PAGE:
With the forthcoming changes to the SAT®, many families might be confused about what this means for their students. We want to assure you that we are well prepared for the transition.
Here are a few important key points to keep in mind in the coming months:
- The new SAT® will first be given in March 2016.
- The old divat test will continue to be given through January 2016, so members of the class of 2017 who wish to take the old divat SAT® may still do so until then.
- The PSAT given in October 2015 will be in the new divat (scroll down to learn more about new PSAT).
There are many quick facts that are important for families and students to know:
- Reading and Writing will be combined into one section called Evidence-Based Reading and Writing
- Reading and Writing sections will incorporate date interpretation questions
- Scores will revert from the 600-2400 scale to the 400-1600 scale
- The essay will be its own section and will be optional
- Math will now have a section eliminating the use of calculators
- Math sections will add some higher level concepts
- There will be no penalty for guessing
Below please find an overview of the sections of the new SAT® test:
Here are details about the new test sections:
- No longer contains vocabulary-dependent Sentence Completion questions
- Will contain 5 reading passages with 10-11 questions each
- Passages will be generally similar to those seen on the old SAT®
- Some questions will focus on providing textual evidence for answers
- Some passages may contain data representations like tables and graphs
WRITING & LANGUAGE:
- Will present questions in the context of a larger passage, rather than the disconnected sentences in the current SAT®
- Format is very similar to that of the ACT English test, and many of the same concepts are tested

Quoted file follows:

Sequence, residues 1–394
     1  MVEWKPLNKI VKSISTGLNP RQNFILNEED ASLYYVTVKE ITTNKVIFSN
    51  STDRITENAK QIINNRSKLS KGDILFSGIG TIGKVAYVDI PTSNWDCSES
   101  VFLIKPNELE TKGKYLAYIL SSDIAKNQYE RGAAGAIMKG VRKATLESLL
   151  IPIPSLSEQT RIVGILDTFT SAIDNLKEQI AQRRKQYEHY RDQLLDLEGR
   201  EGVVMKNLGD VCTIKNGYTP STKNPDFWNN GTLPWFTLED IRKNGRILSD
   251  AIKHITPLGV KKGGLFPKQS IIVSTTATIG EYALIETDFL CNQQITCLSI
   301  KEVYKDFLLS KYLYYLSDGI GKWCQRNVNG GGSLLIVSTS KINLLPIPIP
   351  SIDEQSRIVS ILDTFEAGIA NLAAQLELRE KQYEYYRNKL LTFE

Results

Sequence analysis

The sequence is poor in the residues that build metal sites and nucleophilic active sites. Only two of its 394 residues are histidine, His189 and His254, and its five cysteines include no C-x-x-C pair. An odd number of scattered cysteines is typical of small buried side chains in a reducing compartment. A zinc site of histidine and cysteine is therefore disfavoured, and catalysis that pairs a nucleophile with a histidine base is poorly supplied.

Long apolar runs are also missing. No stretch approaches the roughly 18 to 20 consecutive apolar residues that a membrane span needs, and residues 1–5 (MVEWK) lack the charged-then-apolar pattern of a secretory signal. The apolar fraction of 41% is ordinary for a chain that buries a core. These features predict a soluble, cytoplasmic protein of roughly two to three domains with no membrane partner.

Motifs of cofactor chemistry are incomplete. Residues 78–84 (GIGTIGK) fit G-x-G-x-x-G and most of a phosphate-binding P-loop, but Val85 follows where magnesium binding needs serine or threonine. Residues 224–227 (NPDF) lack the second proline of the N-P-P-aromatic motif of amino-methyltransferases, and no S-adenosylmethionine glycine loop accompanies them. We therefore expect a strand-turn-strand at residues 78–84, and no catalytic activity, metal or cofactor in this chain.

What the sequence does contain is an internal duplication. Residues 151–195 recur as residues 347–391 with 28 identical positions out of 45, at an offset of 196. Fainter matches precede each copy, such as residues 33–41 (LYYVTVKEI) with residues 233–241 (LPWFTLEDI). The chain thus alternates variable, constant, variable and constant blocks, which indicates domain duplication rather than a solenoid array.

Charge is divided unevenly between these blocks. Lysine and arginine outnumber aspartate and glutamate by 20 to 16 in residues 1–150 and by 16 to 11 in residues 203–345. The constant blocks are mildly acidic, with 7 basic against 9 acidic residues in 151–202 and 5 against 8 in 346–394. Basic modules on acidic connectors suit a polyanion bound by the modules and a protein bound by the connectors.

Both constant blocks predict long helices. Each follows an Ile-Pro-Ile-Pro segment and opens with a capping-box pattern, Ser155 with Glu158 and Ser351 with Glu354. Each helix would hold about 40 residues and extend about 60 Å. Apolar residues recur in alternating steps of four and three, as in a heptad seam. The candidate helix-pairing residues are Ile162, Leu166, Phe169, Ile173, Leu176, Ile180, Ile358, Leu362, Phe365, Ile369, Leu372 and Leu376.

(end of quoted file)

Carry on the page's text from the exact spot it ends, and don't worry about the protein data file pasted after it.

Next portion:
- Some passages may contain data representation like tables and graphs
- Will contain two sections: one in which calculators are permitted and one in which they are not (the current SAT® allows calculators on all Math sections)
- Content will overlap with old SAT® in many ways, but focus will shift away from abstract reasoning questions twoard math seen at school
- Content heavy weighted towards algebra (62% of test) and statistics (28% of test), with Geometry and Trigonometry making up only 10% of the test
- Will now be separate from the rest of Reading and Writing
- Essay will be optional
- Prompt will be radically different from the old SAT® essay
- Students will be given a passage and asked to discuss and analyze its contents
What about Practice tests? The College Board will eventually release full-length practice tests for both the new SAT® and new PSAT. A new edition of their book The Official SAT®Study Guide will be released in the summer of 2015.
CONSIDER TAKING THE ACT! White there are still many unknowns when it comes to the new SAT® (the College Board has not yet released a full length sample test), the ACT will remain relatively unchanged.
In general, it’s not that we recommend one test over the other, but as colleges look to both tests equally, you should consider the well-established ACT as an alternative to the new SAT®.
CHANGES TO THE PSAT: The PSAT will also change divats in similar ways:
- Slightly shorter than the new SAT® (138 questions in 165 minutes)
- Will not have an essay
- First new PSAT to be given in October 2015